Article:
The event followed the usual pattern; quiet on Friday, heaving on Saturday, in-between on Sunday. I found it impossible to judge whether the overall attendance was up or down, although an acquaintance at one stall said takings were down on the previous event. Of course, it's theoretically possible that some of the attendees didn't bother to go into the Expo hall at all, but just hung out in the concourse, photographing each other and dodging the marauding Apes (from Planet of the Apes) and huggers. Unfortunately the weather was variable, with clouds and tepid temperatures, though a “Fringe” stage on the green in front of the Expo helped the carnival atmosphere along.

The first semi-anime related event was on Saturday morning, when moe singer and dancer Beckii Cruel, known in real life as Rebecca Flint from the Isle of Man, made her convention debut on the Cosplay stage to answer questions and dance dances (four in total). Now in the middle of her GCSE exams, Flint came across as a level-headed, grounded lady (“I can't understand it either!” she said of her viral success), even when jumping around to the Danjo dance. She thought that living on a small island helped in dealing with the stress of her early fame, and that one of her proudest moments was finding her song CD in the Shibuya branch of HMV. One of the few things she was displeased with was last year's BBC doc about her (“Beckii: Schoolgirl Superstar at 14”), which she said was deeply misleading.

The Anime Industry panel followed at Saturday noon on the Comic/Anime stage, and is reported elsewhere. Later that afternoon, I took in the Euro Cosplay Qualifier contest in a packed and noisy MCM Theatre. (It was theoretically scheduled to start at 4.15, but the first contestants came on stage at 5.) Standouts included a heavily muscled Bane from Batman, the eyeless monster from Pan's Labyrinth and a visit from Lady Gaga. The best cosplay prize in the “Expert” section went to a Chise cosplayer from She, The Ultimate Weapon, complete with city-destroying weapons growing from her back.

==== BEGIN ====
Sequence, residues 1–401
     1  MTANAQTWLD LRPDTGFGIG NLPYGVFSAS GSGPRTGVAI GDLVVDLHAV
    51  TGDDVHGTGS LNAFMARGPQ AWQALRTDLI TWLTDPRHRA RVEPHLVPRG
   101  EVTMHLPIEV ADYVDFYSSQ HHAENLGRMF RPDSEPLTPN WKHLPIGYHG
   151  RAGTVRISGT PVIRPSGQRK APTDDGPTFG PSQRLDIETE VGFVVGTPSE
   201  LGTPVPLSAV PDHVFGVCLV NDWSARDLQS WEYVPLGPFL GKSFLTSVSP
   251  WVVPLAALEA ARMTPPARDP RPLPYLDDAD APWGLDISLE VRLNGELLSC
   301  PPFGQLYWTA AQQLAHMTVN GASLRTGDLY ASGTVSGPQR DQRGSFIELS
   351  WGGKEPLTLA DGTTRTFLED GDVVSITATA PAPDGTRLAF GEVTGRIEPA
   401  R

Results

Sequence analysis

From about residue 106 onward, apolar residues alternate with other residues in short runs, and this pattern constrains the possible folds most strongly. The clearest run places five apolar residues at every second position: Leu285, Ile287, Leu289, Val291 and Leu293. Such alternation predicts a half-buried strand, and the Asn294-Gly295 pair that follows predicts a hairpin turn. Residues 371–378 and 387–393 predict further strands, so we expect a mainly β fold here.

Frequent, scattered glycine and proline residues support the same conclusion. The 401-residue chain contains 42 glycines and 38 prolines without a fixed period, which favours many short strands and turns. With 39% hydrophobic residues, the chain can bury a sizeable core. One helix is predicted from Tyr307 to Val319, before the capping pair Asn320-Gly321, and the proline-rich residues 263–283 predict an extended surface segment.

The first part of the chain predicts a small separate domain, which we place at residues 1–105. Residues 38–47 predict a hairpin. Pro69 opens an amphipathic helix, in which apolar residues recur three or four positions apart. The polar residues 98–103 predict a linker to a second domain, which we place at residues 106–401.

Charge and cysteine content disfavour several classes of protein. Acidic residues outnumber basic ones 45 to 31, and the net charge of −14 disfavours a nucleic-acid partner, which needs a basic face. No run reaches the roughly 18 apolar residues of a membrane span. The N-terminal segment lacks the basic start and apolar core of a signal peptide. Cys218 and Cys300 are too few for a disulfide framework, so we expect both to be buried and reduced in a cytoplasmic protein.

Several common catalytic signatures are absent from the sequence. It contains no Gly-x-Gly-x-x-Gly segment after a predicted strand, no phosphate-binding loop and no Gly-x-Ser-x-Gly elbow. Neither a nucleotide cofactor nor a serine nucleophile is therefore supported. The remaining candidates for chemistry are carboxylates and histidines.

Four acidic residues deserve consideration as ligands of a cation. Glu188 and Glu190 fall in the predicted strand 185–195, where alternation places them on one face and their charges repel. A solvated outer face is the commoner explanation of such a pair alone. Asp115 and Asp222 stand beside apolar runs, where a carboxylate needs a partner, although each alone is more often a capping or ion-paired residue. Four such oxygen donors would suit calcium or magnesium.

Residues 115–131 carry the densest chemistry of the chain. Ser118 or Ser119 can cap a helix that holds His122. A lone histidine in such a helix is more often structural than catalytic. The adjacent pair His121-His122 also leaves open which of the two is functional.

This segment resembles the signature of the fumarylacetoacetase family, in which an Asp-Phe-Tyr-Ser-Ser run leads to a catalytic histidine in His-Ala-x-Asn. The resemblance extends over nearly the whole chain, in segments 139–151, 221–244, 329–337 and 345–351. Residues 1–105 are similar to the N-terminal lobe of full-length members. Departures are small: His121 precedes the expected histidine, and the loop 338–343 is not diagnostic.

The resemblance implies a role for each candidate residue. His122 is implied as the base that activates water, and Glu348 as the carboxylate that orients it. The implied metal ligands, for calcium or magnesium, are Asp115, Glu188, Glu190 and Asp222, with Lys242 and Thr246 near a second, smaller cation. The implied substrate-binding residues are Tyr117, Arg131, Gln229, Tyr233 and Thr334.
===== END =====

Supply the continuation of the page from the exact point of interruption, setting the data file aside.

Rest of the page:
But the deserving qualifier, who will return in the Eurocosplay Championship final in the October London Expo, was won by a retro-entry; a remarkably “real” looking, buzzard-like Skerksi from the 1982 Jim Henson fantasy, The Dark Crystal. The costume took eight months to make.

On a relatively quiet Sunday, I took in panels on X-Men and the Victorian Steampunk Society (the latter gave a name-check to Katsuhiro Otomo's Steamboy), and saw voice-actors Ben Diskin and Brian Beacock chatting about their profession. Diskin recently voiced the title alien tearaway in Stitch!, the Mad House anime version of Disney's Lilo and Stitch!, and was persuaded to sing a few lines of Whitney Houston in Stitch!-speak. He also delivered a speech in character as Sai from Naruto. “People assume that I'm British, but that's just because I pronounce things correctly. Other people assume that I'm a GPS navigation system, and I say to them, turn right and go jump off a cliff…”

My last experiences of the festival included a glimpse of Sesame Street's Cookie Monster in the Sunday Masquerade, leading the audience in a chorus of “C is for Cookie.” On the way out, I also caught pop violinist Masa Futagami energetically belting out songs from the outdoor fringe stage. And so the nineteenth Expo was over… though the programme promises a double-sized twentieth edition in October. The plan is to stage the Memorabilia Collector's Fair (which is held regularly at Birmingham) at the ExCel centre on the same dates as Expo number twenty. Will it go together like fish and chips, or like yaoi and a Westboro Baptist? Find out this winter, on October 28th to 30th...